23 May 2024

Households still in grip of high food costs

5:15 pm on 23 May 2024
Queues at Mt Wellington supermarkets after it was announced the country is moving into alert level 3 and then 4 in the next few days.

While prices have been softening so far this year, a monthly lift in April was the first increase in three months (file image). Photo: RNZ / Cole Eastham-Farrelly

Whangārei mother of two Kyla is struggling with the increased cost of food.

"We spend $300 to $400 a week and I feel like most weeks that is not even a trolley full. Every week it gets more expensive, we buy the same stuff pretty much every week and I notice a $1 to $2 increase on items every week," she says.

They previously would have eaten meat every night but now try to have a couple of "meatless" nights each week.

Most of her income went on covering daycare costs, she said, and her husband worked full-time as a truck driver.

"It's ridiculous the price of stuff. We shop at multiple different shops to get specials and it still doesn't make a difference. My son also has food needs as he's got ADHD so only eats certain foods, which we have to buy for him. Our daughter eats the complete opposite so we have to cater for both children and it feels impossible some weeks.

"We used to have takeout nights but we can't justify spending over $50 a week on that."

Auckland woman Julie has been feeling the pinch, too.

"I have a child who loves to bake and a lot of the essentials for that, like butter, have gone up, and that's been a bit tricky to manage, as we want to encourage his interest but also are mindful of costs at times when money is tight.

"My partner lost their job and we had a period of lower than usual income and it was very stressful having to rely on the credit card for groceries until he got a new job. We were lucky too; my income is high and we had savings. I can't imagine how hard it is for those living pay to pay."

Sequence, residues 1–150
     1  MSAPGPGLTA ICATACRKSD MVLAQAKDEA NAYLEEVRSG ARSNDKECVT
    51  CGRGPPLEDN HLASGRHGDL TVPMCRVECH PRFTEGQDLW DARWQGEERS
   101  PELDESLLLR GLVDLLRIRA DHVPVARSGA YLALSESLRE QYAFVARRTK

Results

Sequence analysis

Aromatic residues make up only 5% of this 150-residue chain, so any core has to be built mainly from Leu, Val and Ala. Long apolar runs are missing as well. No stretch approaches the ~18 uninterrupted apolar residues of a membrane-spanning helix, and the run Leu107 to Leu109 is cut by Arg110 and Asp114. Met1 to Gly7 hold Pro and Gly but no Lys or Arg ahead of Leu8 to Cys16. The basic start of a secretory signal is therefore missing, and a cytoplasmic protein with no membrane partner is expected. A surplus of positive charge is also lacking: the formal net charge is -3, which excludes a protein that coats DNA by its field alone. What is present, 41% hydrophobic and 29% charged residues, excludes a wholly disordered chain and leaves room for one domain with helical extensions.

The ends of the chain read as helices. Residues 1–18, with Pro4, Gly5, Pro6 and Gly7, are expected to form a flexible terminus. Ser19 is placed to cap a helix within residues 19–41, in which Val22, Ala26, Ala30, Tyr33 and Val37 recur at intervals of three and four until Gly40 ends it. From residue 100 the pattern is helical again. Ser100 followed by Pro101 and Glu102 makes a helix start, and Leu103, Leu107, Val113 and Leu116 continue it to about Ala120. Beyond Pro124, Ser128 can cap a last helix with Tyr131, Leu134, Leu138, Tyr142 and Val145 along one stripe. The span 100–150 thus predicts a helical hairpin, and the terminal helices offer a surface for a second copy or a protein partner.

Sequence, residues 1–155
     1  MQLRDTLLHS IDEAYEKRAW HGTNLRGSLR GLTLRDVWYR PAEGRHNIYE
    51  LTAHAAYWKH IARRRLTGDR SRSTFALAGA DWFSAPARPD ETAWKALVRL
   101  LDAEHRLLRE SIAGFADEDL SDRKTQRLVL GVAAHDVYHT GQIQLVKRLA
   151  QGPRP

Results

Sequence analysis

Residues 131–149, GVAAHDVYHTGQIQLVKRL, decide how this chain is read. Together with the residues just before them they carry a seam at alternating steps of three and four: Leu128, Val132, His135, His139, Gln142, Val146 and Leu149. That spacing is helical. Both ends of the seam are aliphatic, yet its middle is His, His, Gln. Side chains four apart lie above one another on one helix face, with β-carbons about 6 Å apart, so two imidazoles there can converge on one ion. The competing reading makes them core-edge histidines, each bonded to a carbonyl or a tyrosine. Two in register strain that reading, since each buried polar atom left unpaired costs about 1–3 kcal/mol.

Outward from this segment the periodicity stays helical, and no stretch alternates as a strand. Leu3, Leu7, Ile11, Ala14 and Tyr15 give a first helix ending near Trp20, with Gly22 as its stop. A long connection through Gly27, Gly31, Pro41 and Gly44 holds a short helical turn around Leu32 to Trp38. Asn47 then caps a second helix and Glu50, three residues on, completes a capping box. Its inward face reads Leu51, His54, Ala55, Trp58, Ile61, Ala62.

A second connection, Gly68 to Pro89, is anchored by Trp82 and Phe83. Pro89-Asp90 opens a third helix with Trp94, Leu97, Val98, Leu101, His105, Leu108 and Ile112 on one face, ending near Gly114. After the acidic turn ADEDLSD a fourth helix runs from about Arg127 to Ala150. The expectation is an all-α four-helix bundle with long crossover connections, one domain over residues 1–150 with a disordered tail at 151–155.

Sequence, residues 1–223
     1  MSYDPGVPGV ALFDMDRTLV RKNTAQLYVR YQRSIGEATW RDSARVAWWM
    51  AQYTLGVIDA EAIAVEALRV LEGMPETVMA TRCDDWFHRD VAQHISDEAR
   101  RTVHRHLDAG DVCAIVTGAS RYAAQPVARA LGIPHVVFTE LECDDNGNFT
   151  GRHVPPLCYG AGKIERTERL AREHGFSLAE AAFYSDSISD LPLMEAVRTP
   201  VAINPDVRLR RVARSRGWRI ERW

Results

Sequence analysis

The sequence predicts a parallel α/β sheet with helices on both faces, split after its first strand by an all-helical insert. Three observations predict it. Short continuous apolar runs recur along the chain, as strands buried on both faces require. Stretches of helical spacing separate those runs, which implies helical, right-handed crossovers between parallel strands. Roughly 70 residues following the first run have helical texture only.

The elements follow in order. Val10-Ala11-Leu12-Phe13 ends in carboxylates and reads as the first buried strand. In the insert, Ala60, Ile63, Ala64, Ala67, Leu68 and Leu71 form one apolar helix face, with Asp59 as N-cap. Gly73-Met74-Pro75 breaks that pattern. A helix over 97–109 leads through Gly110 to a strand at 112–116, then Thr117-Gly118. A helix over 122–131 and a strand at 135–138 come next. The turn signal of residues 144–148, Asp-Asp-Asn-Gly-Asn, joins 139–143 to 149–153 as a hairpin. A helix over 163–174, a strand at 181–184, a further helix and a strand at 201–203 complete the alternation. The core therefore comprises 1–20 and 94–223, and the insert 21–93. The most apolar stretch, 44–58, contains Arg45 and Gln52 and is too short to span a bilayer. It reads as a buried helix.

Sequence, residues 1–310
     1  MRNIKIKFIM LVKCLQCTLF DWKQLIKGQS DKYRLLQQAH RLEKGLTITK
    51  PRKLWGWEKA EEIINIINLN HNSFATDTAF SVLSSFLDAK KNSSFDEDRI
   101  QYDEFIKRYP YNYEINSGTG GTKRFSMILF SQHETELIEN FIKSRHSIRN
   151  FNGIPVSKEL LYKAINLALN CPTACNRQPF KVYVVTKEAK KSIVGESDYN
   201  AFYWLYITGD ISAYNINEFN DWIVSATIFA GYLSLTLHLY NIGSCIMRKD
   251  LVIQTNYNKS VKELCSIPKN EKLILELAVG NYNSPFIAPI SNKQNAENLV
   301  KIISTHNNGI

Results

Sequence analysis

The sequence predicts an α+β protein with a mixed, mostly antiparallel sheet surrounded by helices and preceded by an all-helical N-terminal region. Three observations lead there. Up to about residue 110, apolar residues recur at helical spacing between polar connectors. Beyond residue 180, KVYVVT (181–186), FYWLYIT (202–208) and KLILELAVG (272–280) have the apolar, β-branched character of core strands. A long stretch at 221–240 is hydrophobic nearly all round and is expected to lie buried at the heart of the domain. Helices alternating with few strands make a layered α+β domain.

Food inflation ran hot in recent years, peaking at year-on-year increases of more than 12 percent in the middle of last year.

While prices have been softening so far this year, a monthly lift in April was the first increase in three months.

Household living costs data shows that between 2008 and 2021 the proportion of income being spent on food lifted from 18 percent to 21 percent.

Woman shopping at the supermarket, she is checking a long grocery receipt and leaning on a cart, budgeting and lifestyle concept

Photo: 123RF

ASB senior economist Kim Mundy said for the lowest-income New Zealanders, the proportion had risen from 19 percent to 22.2 percent between 2008 and 2023.

A researcher at Kore Hiaki Zero Hunger Collective, Jennie Sim, said her analysis showed food prices had lifted about $40 to $50 a week year on year last year for a two-adult, two -child household.

Solo parents' costs were up about $30.

But she said that did not reveal the full extent of the impact on families, because many would not have been able to cover the increased costs.

"The reality is most households on low incomes don't spend that money because food is discretionary, it's the one thing they can squeeze... they don't have that money left after their housing costs and their fixed living costs so they're spending a fraction of what they should to get nutritional food. They're trying to get assistance via community food banks."

Fincap, the organisation that supports financial mentors, said the mentors in its network reported a drop in spending on groceries for their clients in 2023, to 19.6 percent of income because of the impact of other costs.

Mundy said that substitution effect was seen across the income brackets.

For the highest-income households, the proportion of income spent on food lifted from 15.9 percent in 2008 to 20.4 percent in 2023.

"Depending on where you are, if you started shopping at Farro now you're moving to New World then Countdown, then Pak'nSave or maybe you're now just purely shopping supermarket homebrand labels, or stuff that's nearly expired.

"You can make those substitutions to a degree so there will be an element of that going on. People love that anecdote at the moment of going to the Pak'nSave carpark and you've never seen more Mercedes SUVs in your life. There's that kind of thing the base numbers hide."

She said it should be the case that food price increases continued to slow.

"We do think that food prices more generally are going to keep coming down. In part it's driven by the fruit and vegetable Cyclone Gabrielle effect has largely come through, we've seen commodity prices globally come down which is helpful."

But she said there were still shocks - as seen with the increases in olive oil and cocoa in the most recent statistics.

"Those shocks are lifting at the same time as the fresh food prices are falling so we see an offset there. But to the extent that demand is slowing because of tighter monetary policy we should see food price inflation fall just like we're expecting inflation to fall elsewhere as well."

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